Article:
FERC’s new rule on compensation for demand resources tips the market balance toward negawatts. Arguably the commission’s economic analysis is flawed, and the rule represents a covert policy...
A West Coast View: The Case for Flow-Based Access Fees
Since generators pay for the regional access fees, there is no cost shifting between existing utility ratepayers.
For end users, who use the local grid at low voltage levels, the situation changes. As discussed (see sidebar), the accuracy of the power-flow model does not support application of a MW-mile allocator in WEPEX for voltages 230 kV and below, which tend to serve load. Instead, revenue requirements associated with these local transmission facilities should be assigned to end users on a postage-stamp basis, recognizing the local network functions these facilities provide. Existing ratepayers will see reduced transmission rates, because they pay only for local transmission.
Distinct, MW-mile usage based access fees will recover the fixed cost of regional transmission facilities. Based on a simulated "snap-shot" of power flows, these access fees are not determined in "real time." They do not reflect marginal costs of congestion. Within the context of WEPEX, access fees are not a form of capacity reservation tariffs and are not associated with retradeable rights. %n6%n
However, allocating costs solely on a single snap-shot, the summer-peak condition may not fairly represent regional transmission use. As load distributions change over load cycle, generator use of the transmission system changes. Additional power-flow simulations can further define the system's use, enabling fair allocation of regional transmission system cost among generators. One way to do this is to account for the seasonal and physical natures (revealed in low-capacity factors) of many generators when calculating the regional access fee. %n7%n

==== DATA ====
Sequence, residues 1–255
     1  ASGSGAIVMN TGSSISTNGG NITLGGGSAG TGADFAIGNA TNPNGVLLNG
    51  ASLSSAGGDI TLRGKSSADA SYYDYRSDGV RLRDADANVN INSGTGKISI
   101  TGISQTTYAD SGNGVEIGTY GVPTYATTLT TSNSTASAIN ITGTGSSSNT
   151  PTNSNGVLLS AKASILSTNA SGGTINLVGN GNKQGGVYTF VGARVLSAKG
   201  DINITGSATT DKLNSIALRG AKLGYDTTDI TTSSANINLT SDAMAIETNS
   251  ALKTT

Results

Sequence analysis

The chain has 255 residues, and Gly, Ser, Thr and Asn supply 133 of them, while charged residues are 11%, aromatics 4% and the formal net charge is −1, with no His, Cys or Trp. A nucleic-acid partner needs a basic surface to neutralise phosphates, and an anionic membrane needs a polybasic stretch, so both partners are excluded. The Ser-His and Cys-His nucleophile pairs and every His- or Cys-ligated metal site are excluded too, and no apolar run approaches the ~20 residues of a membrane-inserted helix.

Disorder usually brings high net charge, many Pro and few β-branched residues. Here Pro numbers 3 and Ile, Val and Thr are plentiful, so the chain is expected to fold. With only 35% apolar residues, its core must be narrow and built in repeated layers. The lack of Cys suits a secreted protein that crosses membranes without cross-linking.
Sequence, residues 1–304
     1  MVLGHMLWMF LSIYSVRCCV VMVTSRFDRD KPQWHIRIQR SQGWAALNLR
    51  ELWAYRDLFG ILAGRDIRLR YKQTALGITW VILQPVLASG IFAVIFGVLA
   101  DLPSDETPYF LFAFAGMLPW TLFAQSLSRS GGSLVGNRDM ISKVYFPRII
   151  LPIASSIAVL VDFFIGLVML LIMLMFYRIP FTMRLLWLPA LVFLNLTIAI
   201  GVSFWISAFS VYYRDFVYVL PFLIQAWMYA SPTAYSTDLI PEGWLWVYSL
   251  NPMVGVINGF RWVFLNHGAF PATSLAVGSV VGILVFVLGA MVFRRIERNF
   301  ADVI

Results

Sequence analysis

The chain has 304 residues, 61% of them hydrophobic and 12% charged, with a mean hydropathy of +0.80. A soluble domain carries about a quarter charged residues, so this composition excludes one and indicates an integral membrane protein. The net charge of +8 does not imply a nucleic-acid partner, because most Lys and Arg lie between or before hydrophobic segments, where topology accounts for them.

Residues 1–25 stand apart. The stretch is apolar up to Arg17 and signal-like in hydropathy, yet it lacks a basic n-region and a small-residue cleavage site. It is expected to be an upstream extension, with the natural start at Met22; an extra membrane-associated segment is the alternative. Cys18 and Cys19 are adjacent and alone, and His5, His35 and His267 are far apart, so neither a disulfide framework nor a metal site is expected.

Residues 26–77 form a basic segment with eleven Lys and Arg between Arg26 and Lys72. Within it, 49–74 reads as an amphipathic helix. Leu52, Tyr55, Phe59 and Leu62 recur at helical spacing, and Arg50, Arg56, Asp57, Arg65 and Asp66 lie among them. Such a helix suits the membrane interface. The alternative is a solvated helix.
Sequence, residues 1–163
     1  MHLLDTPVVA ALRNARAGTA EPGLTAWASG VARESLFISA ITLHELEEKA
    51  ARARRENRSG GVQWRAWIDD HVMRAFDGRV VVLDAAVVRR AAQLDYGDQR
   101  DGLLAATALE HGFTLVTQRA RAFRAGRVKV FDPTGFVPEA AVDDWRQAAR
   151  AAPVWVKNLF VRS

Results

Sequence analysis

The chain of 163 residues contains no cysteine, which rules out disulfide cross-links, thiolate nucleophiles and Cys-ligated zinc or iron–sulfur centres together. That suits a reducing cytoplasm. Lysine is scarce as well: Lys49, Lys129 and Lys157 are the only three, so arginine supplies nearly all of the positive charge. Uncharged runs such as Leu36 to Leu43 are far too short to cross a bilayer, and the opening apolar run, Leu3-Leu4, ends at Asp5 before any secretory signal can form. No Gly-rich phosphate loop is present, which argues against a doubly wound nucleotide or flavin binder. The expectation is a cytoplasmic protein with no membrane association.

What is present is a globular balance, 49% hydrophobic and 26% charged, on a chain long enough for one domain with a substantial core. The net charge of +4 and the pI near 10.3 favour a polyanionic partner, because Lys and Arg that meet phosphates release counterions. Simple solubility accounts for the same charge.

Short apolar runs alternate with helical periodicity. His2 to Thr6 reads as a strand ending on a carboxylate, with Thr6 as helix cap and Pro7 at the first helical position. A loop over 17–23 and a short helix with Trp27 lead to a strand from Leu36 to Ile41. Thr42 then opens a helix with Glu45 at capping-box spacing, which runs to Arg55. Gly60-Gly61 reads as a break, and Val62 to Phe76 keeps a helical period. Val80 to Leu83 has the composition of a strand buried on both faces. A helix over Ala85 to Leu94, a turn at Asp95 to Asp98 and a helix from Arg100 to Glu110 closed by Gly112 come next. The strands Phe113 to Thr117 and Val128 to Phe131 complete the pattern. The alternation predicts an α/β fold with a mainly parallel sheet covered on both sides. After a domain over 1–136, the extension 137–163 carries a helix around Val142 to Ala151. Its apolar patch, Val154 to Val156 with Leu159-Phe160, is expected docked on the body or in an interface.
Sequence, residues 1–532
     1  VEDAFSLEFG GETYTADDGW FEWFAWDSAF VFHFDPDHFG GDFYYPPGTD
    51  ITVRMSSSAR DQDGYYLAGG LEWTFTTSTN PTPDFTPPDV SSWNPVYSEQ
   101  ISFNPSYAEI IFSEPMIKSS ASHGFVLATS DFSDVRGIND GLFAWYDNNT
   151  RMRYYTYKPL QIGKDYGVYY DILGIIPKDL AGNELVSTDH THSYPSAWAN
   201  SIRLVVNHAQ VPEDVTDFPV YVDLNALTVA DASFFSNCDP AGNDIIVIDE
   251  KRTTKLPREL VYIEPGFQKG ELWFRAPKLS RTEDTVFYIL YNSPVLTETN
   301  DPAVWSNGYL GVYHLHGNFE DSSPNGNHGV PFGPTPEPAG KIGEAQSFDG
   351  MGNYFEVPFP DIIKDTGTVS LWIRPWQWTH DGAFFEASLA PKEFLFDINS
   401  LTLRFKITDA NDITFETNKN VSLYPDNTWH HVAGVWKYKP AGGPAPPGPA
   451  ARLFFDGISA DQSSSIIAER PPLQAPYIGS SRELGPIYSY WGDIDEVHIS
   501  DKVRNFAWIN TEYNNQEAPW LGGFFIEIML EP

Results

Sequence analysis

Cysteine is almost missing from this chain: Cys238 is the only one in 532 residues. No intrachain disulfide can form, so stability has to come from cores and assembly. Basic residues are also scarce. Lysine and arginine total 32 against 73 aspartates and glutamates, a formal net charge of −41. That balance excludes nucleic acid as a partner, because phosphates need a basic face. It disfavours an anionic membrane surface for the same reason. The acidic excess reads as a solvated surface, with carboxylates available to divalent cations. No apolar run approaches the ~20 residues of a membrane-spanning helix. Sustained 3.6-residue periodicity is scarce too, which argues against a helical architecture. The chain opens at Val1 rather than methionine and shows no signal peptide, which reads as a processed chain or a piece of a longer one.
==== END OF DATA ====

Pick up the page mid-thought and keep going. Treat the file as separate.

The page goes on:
Why Not a Single Access Fee?
A single, postage-stamp access fee, as proposed by some, would fail to give proper locational signals to siting new generation facilities. When paid only by end users, it leads to cross-subsidies between customers.
Putting aside the question of ancillary services, buyers and sellers of wholesale power in WEPEX will tend to concentrate on generation costs. Delivery costs for WEPEX are not transaction-related, because the fixed costs for transmission are allocated to the end user on an average-cost basis.
Three distinct situations can illustrate the inaccuracies that would result from a single, postage-stamp access fee. For simplicity, assume all end users are residential customers. Based on the current rate design, a utility-specific access fee is calculated on a volumetric basis. The IOU's transmission revenue requirements are divided by the forecasted sales of the utility ($/kWh). Then, to ensure the total revenues collected are not more than the authorized revenue requirements (avoid "and" pricing), actual monthly congestion rents divided by actual monthly sales ($/kWh) are subtracted from the access fee.
PX Only. Assuming the simplest case, all power is bid into the power exchange. Power from all sources is commingled and establishes the market-clearing price (MCP). Losses and locational congestion fees define the marginal costs for transmission services. A single access fee, to recover all remaining sunk transmission costs, is paid by end users. Both local and non-local generators pay nothing for transmission access. Consequently, siting decisions will not include full transmission costs. In addition, even though more capital assets are used to bring non-local power to the load, higher access fees